The gift of hospitality sometimes comes with food.
OK, so there are better chefs out there. There are certainly better pastry chefs out there, too. But even though I’m not a pastry chef, I can make a decent piecrust. This is in response to a request for step-by-step instructions on how to make a pie crust.
My pie crust will never win the Bake-off, and truth be told my brother’s pies are probably better than mine, but here’s the recipe my family uses. (I know there are some of you who swear by Crisco pie crusts and lard pie crusts… and that’s great. I use vegetable oil. The End.)
Oil Pie Crust
(originally from Betty Crocker’s “red” cookbook)
1. Blend together the flour, salt and oil so that the mixture looks like small pebbles.
2. Carefully stir in the milk, reserving the last 1-2 Tablespoons. (NOTE: Depending on the relative humidity where you are baking, you may not need all of the milk. Add the last bit a splash at a time.) When the dough forms and holds together and is not yet sticky, don’t add any more liquid.
3. Divide dough into two equal pieces. Dampen the counter top and put a large piece of waxed paper on the counter. (I used two pieces of sandwich wrap because one is not big enough…) The damp countertop keeps the waxed paper from sliding as much when you start rolling out your dough.
4. Press one ball of the pie crust dough onto the waxed paper. Flatten slightly with palm of your hand. Cover with a second piece of waxed paper. Using rolling pin, roll out to desired size.
5. Gently peel back the top layer of waxed paper.
6. Turn dough over onto pie pan, (so that the remaining piece of waxed paper is up), centering it over the pan as best as you can. Slowly peel back the remaining piece of waxed paper and press dough into pan. Trim off extra dough.
7. For a one-crust pie, flute the edges, fill, add toppings and bake.
(This is the pie I made today – a “one crust apple pie” – topping was made of 4 tablespoons butter, 1/2 cup flour, 1/4 cup oat bran, mixed together until crumbly and sprinkled over the top.)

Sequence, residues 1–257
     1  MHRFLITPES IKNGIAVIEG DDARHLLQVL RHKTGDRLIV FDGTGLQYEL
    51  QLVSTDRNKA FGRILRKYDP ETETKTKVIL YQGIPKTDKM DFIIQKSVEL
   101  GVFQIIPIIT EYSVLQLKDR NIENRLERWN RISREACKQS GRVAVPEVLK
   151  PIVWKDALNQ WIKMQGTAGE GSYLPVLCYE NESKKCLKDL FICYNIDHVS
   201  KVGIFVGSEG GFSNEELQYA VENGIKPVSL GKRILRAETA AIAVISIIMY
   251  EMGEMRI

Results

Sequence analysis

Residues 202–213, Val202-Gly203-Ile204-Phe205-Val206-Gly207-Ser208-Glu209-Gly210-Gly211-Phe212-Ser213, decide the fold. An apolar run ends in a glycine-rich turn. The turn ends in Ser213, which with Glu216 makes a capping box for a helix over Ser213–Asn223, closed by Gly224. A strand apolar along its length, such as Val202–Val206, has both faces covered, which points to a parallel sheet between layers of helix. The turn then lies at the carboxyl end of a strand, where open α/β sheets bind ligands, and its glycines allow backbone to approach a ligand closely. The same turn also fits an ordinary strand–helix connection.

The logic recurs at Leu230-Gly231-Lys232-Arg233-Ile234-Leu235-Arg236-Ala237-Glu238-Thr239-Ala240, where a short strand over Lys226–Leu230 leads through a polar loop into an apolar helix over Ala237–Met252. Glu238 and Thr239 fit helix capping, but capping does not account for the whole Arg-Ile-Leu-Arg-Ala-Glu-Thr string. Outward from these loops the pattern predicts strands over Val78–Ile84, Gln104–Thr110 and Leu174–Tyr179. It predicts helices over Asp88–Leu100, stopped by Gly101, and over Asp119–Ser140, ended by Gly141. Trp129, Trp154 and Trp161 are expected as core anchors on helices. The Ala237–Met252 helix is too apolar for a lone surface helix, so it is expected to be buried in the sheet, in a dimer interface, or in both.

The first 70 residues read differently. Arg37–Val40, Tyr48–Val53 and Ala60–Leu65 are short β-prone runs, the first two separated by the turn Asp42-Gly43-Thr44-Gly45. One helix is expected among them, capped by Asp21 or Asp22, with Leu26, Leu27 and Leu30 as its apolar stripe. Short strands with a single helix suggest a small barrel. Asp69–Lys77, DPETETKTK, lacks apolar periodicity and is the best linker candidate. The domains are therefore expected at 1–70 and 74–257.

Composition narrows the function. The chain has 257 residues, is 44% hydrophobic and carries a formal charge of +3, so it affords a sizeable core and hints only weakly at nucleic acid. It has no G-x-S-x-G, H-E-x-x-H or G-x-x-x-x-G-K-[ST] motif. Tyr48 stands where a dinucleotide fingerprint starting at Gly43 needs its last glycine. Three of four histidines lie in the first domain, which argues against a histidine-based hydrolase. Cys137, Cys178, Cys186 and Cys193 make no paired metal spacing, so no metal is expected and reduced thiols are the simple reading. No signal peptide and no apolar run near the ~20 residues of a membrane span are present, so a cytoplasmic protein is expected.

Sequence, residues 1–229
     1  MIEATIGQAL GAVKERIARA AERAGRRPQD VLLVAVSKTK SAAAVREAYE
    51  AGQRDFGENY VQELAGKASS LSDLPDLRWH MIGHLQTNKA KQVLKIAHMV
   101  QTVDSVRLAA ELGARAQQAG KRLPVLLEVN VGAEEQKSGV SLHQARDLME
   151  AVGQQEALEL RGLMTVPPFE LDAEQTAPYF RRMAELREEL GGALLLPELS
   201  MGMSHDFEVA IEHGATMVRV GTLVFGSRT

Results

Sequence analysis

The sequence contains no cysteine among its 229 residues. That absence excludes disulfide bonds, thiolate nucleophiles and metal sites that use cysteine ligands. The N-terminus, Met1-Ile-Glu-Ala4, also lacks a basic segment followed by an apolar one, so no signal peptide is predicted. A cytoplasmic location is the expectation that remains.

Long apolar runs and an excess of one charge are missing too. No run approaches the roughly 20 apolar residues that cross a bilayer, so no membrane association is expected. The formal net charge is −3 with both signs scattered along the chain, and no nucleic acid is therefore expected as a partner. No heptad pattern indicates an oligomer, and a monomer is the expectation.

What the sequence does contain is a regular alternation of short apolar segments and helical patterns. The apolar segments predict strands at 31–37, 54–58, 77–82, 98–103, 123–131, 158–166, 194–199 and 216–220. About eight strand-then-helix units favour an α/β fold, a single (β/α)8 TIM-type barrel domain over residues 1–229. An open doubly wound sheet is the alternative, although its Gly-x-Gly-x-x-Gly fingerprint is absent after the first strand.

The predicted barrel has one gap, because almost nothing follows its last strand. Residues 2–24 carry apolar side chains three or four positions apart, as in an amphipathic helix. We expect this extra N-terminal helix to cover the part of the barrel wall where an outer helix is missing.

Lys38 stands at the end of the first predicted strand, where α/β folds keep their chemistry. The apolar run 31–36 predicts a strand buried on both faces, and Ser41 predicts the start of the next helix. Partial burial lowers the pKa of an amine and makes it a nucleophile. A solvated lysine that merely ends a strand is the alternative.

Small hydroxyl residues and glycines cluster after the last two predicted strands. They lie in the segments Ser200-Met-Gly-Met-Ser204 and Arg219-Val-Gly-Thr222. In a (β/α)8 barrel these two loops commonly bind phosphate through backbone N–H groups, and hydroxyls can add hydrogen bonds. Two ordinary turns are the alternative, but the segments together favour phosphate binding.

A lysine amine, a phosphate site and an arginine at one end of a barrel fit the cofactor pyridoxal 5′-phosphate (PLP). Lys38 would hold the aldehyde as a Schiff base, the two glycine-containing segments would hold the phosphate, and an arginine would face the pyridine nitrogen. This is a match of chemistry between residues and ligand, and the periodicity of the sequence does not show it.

8. For a two-crust pie, repeat the rolling process and flip dough onto the top of the pie. Press crusts together. Trim and flute edges. Cut slits in top of pie to allow steam to escape during baking.
Now I know you’re all wondering, “Since most pie crust recipes make enough dough for a two-crust pie, what do you do about the second bit of dough when you are making a one-crust pie?” I’m so glad you asked! 🙂 We make a cinnamon roll.
BONUS RECIPE: Cinnamon Roll
Roll out pie crust dough on a fresh sheet of waxed paper, but this time aim for a more “rectangular blob” than a “round blob” as you roll out the dough. Sprinkle some brown sugar, cinnamon and nutmeg on top and add bits of butter. (This time I only put on about 1 Tablespoon of butter, put on in little dabs.)
Peel cinnamon roll dough off of waxed paper carefully, and roll up jelly-roll style, sealing the ends as you go.
Put into an ungreased pie pan and bake about 15-20 minutes. Crust will be lightly browned and flaky when done. It does not last… 😉
NOTE: Clean up kitchen, paying special attention to the counter tops, particularly since you will have a sheen of vegetable oil on them. Stop cats from fighting over the butter wrapper they found and started cleaning for you. (No, I didn’t give it to them. I’m sure it fell onto the floor by osmosis. Ahem.)
P.S. Henry blogged about this incident. I am inclined to think that there was a conspiracy.